High Intensity Discharge Light Bulbs
High-intensity discharge bulbs, also referred to as HID bulbs, produce light by arcing electricity between electrodes inside of a gas and metal salt infused housing. They are much more efficient
than both fluorescent and incandescent bulbs because they produce much more visible light per amount of electricity used. They are the predominant choice for streets, highways and parking
garages where abundant low-cost light is required for thousands of hours with little or no maintenance. HID bulbs start with an arc of light that is initially created by the gas in the bulb. The reaction
is then carried on by heating the metal salts. The end result of this reaction is plasma that produces very intense light with very little power consumption.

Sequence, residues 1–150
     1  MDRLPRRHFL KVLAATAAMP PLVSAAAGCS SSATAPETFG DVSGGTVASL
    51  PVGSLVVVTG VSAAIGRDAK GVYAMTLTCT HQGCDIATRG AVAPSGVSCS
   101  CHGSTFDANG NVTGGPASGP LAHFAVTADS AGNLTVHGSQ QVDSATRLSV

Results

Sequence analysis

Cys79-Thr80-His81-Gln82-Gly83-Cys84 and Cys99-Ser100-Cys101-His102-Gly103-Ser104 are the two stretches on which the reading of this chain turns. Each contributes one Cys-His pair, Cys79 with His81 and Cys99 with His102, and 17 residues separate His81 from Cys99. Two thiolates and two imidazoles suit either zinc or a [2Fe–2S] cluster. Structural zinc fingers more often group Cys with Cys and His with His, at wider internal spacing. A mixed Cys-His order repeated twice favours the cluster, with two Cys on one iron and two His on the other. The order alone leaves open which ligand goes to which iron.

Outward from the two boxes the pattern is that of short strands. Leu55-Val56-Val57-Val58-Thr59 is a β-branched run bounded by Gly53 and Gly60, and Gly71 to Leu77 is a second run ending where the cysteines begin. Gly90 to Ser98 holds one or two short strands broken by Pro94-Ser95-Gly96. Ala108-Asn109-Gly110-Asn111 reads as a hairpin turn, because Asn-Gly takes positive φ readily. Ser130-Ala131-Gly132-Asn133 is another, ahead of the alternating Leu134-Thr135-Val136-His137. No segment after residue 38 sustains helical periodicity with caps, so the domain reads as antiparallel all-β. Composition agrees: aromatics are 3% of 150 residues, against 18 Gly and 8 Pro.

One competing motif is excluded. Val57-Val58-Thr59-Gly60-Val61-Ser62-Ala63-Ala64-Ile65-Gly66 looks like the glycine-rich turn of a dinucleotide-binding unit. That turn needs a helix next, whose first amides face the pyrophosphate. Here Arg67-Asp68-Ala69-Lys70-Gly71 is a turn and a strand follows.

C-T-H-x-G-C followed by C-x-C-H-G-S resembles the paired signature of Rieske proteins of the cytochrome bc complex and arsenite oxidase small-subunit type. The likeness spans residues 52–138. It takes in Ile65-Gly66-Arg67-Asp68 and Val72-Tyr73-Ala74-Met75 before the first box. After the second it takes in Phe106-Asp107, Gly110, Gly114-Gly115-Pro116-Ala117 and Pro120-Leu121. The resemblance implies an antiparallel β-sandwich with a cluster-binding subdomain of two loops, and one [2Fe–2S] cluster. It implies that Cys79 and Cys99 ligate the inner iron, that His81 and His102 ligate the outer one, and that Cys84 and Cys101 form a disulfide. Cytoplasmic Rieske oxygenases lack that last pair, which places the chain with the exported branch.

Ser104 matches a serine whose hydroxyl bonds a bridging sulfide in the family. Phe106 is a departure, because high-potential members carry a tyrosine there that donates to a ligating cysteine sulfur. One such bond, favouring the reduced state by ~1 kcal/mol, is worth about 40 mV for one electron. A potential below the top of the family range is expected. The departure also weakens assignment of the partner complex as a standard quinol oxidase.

The four primary types of HID bulb are; metal-halide, mercury vapor, and high and low-pressure sodium. The differences between the varieties centers on the color and intensity of the light
produced by the chemical composition of the bulb. Metal-halide lamps are preferred where color accuracy is more important. Metal-halide lamps can produce a neutral white light that is suitable
for automotive headlights and video production. Sodium vapor bulbs can be either low pressure or high pressure. Low pressure sodium vapor bulbs are very efficient, and produce the amber color we
are all familiar with from street lights. High pressure sodium produces a more neutral white light. Mercury vapor bulbs produce light with a distinct blue tint to it. In many countries, including the
USA, mercury lighting is being phased out in favor of the more efficient types of HID bulbs. Mercury vapor light is still used in special applications such as photolithography which requires a strong
ultraviolet light (UV) source.